Instead of working harder, people should consider doing nothing, says author
Jenny Odell says focus on multitasking, productivity can detract from our ability to think clearly
Whether it's the pomodoro technique, with its cyclical focus on work, or self-help books that teach people to multitask better — there's plenty of advice out there on how to accomplish more and more each day.
But Jenny Odell is making the opposite argument. She says that people should probably focus on doing nothing.
Odell described to Tapestry's Mary Hynes that multitasking promotes a state of perpetual distraction from personal fulfilment and societal change, and instead pushes attention toward work.
"We're faced with some problems of a scale and complexity that really require time and space for reflection rather than sort of a constant knee jerk reaction," said Odell.
Odell argues in her new book How to Do Nothing: Resisting the Attention Economy that this reactionary tendency keeps us busy and detracts from our ability to focus on ourselves.
Despite the book's name, Odell is not advocating to do literally nothing. She is arguing for people to do nothing "productive."
"By nothing, I just mean a kind of receptive state of mind rather than a knee jerk reaction or judgmental analytical state of mind which is something that our culture certainly encourages," said Odell.
To choose to do nothing
In mid-May, Odell, who's based in Oakland, Calif., went on a six-hour hike up a hill. The avid birdwatcher saw a rare bird feed its young. She saw wildflowers. She described the experience as feeling "full."
"From the point of view of what we would traditionally consider productive, I didn't do anything that day," said Odell. "However, I was gone for about six hours and I honestly felt like that was three days long."
Odell pointed to another example of purposeful unproductive behaviour from a Finnish artist. Pilvi Takala spent most of her internship at the accounting giant, Deloitte, staring into space and riding the elevator.
When Takala was asked what she was doing, she would reply, "It's good sometimes to try to do the work in your head."
Odell noted that what made the incident so galling to most of Takala's co-workers was her refusal to do nothing in a socially acceptable way such as scrolling through Facebook.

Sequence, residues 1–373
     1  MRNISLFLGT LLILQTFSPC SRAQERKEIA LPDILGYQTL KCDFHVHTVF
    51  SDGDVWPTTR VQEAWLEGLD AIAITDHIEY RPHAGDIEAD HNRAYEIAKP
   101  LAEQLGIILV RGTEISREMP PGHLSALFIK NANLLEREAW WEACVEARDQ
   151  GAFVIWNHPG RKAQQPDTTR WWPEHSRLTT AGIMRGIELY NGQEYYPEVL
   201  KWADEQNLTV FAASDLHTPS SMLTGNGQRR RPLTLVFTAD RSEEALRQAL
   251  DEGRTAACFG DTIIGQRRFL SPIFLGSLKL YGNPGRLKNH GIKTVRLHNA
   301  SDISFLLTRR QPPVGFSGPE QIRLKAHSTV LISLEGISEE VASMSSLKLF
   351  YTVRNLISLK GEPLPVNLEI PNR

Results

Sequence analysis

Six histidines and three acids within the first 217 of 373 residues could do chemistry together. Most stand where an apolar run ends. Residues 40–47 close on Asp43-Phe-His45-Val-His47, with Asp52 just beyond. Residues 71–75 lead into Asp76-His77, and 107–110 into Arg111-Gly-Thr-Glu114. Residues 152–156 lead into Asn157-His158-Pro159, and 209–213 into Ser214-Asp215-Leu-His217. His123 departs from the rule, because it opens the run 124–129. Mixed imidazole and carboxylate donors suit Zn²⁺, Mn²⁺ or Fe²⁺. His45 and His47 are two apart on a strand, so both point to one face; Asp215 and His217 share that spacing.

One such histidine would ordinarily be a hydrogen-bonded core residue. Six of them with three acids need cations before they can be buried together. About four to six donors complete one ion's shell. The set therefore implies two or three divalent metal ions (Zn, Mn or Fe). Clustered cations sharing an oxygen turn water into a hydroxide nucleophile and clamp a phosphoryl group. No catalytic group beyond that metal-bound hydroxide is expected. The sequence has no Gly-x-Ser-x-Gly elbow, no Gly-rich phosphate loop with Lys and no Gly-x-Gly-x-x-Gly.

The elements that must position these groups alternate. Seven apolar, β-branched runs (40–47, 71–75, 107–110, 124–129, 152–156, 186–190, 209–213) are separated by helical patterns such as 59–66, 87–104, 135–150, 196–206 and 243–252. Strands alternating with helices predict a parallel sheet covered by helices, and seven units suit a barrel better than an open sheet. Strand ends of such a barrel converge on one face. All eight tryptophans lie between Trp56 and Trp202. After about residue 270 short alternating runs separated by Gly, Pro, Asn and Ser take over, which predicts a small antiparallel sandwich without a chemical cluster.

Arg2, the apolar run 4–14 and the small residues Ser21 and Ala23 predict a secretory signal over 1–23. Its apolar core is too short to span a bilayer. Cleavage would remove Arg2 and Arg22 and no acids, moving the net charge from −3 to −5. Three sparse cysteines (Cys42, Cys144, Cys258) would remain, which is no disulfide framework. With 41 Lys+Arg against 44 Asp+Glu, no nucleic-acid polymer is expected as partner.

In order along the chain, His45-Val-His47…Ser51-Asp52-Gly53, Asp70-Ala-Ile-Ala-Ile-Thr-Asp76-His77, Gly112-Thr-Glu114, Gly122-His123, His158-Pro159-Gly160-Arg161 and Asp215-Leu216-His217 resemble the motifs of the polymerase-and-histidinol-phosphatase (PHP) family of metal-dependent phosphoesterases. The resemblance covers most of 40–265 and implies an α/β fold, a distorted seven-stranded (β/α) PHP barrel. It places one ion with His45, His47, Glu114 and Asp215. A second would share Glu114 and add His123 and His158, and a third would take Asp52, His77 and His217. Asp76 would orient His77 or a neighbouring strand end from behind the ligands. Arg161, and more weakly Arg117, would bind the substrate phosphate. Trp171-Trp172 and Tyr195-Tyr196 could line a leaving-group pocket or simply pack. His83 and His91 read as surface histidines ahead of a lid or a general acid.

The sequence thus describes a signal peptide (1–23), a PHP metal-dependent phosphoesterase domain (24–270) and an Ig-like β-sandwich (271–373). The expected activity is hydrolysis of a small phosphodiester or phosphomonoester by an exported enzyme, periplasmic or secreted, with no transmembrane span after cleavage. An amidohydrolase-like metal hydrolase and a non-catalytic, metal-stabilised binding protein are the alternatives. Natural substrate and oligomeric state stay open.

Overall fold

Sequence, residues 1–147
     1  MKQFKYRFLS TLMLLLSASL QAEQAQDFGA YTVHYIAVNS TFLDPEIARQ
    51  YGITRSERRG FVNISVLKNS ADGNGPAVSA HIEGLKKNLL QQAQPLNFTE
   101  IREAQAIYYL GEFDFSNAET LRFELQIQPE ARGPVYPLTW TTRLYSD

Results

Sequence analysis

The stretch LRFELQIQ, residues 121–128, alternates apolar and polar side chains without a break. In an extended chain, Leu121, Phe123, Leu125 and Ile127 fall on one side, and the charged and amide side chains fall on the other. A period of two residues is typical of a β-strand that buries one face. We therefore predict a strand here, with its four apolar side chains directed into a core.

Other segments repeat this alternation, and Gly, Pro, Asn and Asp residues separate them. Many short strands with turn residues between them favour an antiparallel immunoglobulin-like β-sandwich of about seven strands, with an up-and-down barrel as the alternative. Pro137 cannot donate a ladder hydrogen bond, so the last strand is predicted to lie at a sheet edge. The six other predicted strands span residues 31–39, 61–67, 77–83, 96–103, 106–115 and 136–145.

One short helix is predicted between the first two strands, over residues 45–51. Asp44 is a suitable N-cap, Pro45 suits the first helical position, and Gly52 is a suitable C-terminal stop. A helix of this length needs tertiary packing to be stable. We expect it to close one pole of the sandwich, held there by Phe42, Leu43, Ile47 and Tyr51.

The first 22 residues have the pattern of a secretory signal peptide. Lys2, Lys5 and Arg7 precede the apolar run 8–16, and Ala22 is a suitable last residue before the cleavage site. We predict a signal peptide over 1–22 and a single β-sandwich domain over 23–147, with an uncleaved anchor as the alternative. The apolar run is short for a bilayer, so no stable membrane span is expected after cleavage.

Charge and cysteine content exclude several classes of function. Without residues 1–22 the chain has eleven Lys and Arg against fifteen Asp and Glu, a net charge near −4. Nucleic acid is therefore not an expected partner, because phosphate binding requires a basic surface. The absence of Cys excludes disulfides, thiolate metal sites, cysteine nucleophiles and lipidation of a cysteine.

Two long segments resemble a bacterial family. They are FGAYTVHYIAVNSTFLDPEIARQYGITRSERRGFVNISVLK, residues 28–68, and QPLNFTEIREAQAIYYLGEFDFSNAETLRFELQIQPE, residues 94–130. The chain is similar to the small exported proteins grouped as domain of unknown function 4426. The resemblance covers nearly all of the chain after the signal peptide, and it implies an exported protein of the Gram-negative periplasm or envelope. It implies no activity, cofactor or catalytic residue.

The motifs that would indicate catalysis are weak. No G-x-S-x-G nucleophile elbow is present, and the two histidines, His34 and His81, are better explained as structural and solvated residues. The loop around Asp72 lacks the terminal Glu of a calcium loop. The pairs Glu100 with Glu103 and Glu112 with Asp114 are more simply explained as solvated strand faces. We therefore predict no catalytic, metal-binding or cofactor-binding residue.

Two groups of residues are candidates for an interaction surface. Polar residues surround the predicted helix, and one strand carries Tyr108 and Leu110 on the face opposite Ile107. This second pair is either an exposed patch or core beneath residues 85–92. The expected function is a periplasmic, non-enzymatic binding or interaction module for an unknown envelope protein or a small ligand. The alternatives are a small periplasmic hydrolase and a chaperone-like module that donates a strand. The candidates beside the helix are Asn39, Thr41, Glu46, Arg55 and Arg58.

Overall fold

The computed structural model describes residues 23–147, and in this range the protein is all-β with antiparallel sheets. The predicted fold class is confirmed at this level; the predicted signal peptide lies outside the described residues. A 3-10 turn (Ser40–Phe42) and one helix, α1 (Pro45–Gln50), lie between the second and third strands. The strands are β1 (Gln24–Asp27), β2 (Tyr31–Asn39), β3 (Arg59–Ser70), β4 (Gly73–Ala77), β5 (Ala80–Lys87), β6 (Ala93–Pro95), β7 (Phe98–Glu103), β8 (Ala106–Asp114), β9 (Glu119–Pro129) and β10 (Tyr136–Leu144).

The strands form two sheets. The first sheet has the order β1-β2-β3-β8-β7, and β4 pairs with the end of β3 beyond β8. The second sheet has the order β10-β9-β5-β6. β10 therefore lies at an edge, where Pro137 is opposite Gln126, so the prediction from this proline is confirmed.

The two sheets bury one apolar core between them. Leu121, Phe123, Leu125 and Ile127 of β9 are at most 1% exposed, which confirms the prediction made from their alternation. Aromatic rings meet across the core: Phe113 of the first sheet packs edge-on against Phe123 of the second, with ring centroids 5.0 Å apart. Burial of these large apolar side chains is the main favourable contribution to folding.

Staring into space provokes a strong reaction from people, she said, because of its apparent purposeless.
Odell added that during her six-hour hike, she stared at a hill in the distance, taking in its beauty. Yet she felt awkward when she saw a group of hikers approaching, and feared they would be taken aback by her stillness.
So she took a photo of the hill.
"I actually took a photo... not because I wanted the photo, but because I thought it might make them feel less weird," said Odell. "That's what you're supposed to do when you stand and look at something, right? [You're] supposed to make a representation of it or try to record it."
A new kind of productivity
Odell is proposing a new kind of productivity — one that allows a person to be conscious of their surroundings and their wellbeing.
I'm motivated by this fear of sleepwalking through my life. And so anywhere that I can go to get that reminder [that I'm alive], I think that's pretty important.- Jenny Odell
She poses a question to herself every day.
"I ask myself if there was a time in the day when I was aware that I was alive, which sounds really kind of simple, but I'm often amazed at how long it's been since maybe the last time I was aware of that," said Odell.
In particular, she found that focused, quiet activities like reading about history and exploring her bio-region enable her to acknowledge that she's alive in a way that social media and work do not.
"I'm motivated by this fear of sleepwalking through my life. And so anywhere that I can go to get that reminder [that I'm alive], I think that's pretty important."